The documentary "Tim's Vermeer" explores the work of Dutch painter Johannes Vermeer. Entertainment Weekly's Owen Gleiberman filed the following report for NY1.
"Tim's Vermeer" is an exquisitely fun documentary that hits on a profound aesthetic question, one first posed in 2001 by David Hockney: Did the 17th-century Dutch painter Johannes Vermeer use optical devices to achieve his visual poetics of light? Tim Jenison, a San Antonio video engineer, goes obsessed with knowing the answer. And so, in Penn and Teller's sly magic act of a movie - Penn narrates it, and Teller directed - Jenison attempts to re-create Vermeer's 1662 masterpiece "The Music Lesson," even though he’s no more of a trained artist than you or I.
By hand, Jenison builds almost every object in the painting - the floor tile, the carved harpsichord. And that's before he gets to the Herculean task of using a homemade camera obscura and mirror to fill in what is basically the ultimate paint-by-numbers diagram. How insanely meticulous is the work? Jenison paints the stitching of the tablecloth. And damned if, by the end of the film, he hasn’t painted his very own extraordinarily authentic-looking Vermeer.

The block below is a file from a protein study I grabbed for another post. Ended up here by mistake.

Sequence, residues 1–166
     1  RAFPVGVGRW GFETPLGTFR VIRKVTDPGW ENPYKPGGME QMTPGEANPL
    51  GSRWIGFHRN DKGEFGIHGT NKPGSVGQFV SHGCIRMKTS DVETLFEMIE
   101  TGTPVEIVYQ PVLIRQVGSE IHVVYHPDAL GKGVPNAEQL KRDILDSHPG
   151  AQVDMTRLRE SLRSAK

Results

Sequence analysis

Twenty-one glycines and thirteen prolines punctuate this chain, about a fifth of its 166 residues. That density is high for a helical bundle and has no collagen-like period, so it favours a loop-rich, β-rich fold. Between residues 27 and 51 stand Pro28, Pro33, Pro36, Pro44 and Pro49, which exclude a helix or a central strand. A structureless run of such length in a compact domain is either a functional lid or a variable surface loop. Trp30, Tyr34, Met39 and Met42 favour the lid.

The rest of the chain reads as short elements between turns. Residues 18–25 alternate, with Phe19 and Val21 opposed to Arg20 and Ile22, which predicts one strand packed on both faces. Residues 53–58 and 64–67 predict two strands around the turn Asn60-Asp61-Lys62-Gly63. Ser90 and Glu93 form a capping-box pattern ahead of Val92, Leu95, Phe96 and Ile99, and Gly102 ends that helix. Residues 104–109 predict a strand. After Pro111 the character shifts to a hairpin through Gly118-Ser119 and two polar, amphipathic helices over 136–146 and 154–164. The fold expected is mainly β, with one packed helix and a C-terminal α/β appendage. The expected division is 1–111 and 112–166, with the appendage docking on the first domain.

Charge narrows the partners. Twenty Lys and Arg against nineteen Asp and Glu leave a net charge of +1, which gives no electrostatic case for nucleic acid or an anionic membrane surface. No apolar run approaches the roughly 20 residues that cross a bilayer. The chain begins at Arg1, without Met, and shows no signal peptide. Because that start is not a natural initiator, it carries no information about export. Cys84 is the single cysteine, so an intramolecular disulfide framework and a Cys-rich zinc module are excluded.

"Tim’s Vermeer" is a uniquely suspenseful and fascinating movie, but does it really prove the theory that Vermeer painted with optical devices? I think it comes close. Yet the real richness of the film is the question behind the question: If this, more or less, is how Vermeer created his paintings, does that render his art inferior to what we thought it was? Only if you believe that technology and art are somehow enemies. The proof, after all, is in the pudding, or maybe I should say the painting. In "Tim’s Vermeer," unmasking art history's greatest trick only adds to its mystery.